Finally, you can choose on a per-file basis to download documents to your local device storage, in addition to making them available to edit offline.

A Ballsy But Genius Tax Avoidance Scheme of Apple

Apple Avoids Paying $17 Million In Taxes Every Day Through A Ballsy But Genius Tax Avoidance Scheme\
Walter Hickey | May 21, 2013, 4:16 PM

Apple CEO Tim Cook charmed the Senate today, testifying on the company’s tax avoidance practices.

The most interesting part of the story wasn’t on the Senate floor, however.

The report published by the Permanent Subcommittee on Investigations detailing Apple’s strategies is a great read on its own.

The report gives an inside look on Apple’s absolutely genius tax avoidance strategies.

Apple uses a variety of offshore structures and arrangements to shift billions of dollars from the United States to Ireland.

The U.S. corporate tax rate is 35%, while Apple said it has negotiated a special corporate tax rate in Ireland of less than 2%*.

(The 2% rate statement has proven controversial, see below for details)

Apple has found the secret to not paying taxes. You just avoid taxes by not declaring a tax residency for the company that oversees the entirety of your international income.

First, let’s look at Apple’s main offshore holding company:

Apple Operations International (AOI) is the company’s primary offshore holding company. It was registered in Cork, Ireland in 1980, and its purpose is to serve as a cash consolidator for most of Apple’s offshore affiliates. It receives dividends from those affiliates and makes contributions as needed.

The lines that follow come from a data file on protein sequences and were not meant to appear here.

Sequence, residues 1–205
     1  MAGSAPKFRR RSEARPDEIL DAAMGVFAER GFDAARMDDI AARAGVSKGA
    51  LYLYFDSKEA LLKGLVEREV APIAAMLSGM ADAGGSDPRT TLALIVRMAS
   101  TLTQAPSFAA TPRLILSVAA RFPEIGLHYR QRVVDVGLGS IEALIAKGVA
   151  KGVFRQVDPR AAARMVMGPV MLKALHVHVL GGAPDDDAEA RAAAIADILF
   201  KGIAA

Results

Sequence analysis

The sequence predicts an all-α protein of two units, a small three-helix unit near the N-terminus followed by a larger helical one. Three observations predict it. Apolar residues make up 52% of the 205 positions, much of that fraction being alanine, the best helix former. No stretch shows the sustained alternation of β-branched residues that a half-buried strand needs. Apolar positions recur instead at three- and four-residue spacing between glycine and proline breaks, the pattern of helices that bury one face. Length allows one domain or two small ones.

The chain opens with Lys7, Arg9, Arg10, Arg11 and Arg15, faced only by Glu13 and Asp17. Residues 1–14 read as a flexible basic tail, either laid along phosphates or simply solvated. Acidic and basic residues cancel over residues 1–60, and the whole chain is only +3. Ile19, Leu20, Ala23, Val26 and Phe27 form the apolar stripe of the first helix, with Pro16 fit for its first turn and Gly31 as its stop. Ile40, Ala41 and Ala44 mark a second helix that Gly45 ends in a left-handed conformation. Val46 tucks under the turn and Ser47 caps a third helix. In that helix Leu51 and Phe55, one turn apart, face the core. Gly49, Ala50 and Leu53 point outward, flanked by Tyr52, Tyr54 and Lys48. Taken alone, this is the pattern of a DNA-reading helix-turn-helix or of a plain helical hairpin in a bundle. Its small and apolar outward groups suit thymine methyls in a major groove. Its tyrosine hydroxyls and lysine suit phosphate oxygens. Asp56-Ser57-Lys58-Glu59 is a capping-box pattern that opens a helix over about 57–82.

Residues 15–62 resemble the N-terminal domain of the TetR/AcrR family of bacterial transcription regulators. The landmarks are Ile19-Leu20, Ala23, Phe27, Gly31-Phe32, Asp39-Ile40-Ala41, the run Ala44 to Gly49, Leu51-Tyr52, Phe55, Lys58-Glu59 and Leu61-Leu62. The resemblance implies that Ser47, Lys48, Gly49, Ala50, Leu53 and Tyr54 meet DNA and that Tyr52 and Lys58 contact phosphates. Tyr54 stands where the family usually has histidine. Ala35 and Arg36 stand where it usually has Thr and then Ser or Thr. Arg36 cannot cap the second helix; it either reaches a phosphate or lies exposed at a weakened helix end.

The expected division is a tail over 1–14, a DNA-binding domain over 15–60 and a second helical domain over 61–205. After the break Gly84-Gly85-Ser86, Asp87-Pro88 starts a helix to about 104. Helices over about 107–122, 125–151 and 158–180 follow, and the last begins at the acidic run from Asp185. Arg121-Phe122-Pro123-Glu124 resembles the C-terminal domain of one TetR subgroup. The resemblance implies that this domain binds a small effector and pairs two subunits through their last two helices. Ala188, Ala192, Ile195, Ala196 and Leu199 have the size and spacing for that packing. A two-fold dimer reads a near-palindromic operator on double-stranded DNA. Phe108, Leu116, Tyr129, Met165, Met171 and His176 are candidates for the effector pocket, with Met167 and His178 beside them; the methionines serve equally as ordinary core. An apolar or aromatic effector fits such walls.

• Apple owns 100% of AOI either directly or through controlled foreign corporations.
  • AOI owns several subsidiaries, including Apple Operations Europe, Apple Distribution International, and Apple Singapore.
  • AOI has no physical presence and has not had any employees for 33 years. It has 2 directors and 1 officer, all Apple Inc. brass. One is Irish, two live in California.
  • 32 of 33 AOI board meetings were held in Cupertino rather than Cork.
  • Shockingly, AOI doesn’t pay taxes. Anywhere. The holding company had a net income of $30 billion from 2009 to 2012, but has not declared tax residency in any jurisdiction.
  • AOI’s income made up 30% of Apple’s total world profits from 2009- 2011.

A key quote from the report explains why AOI exists: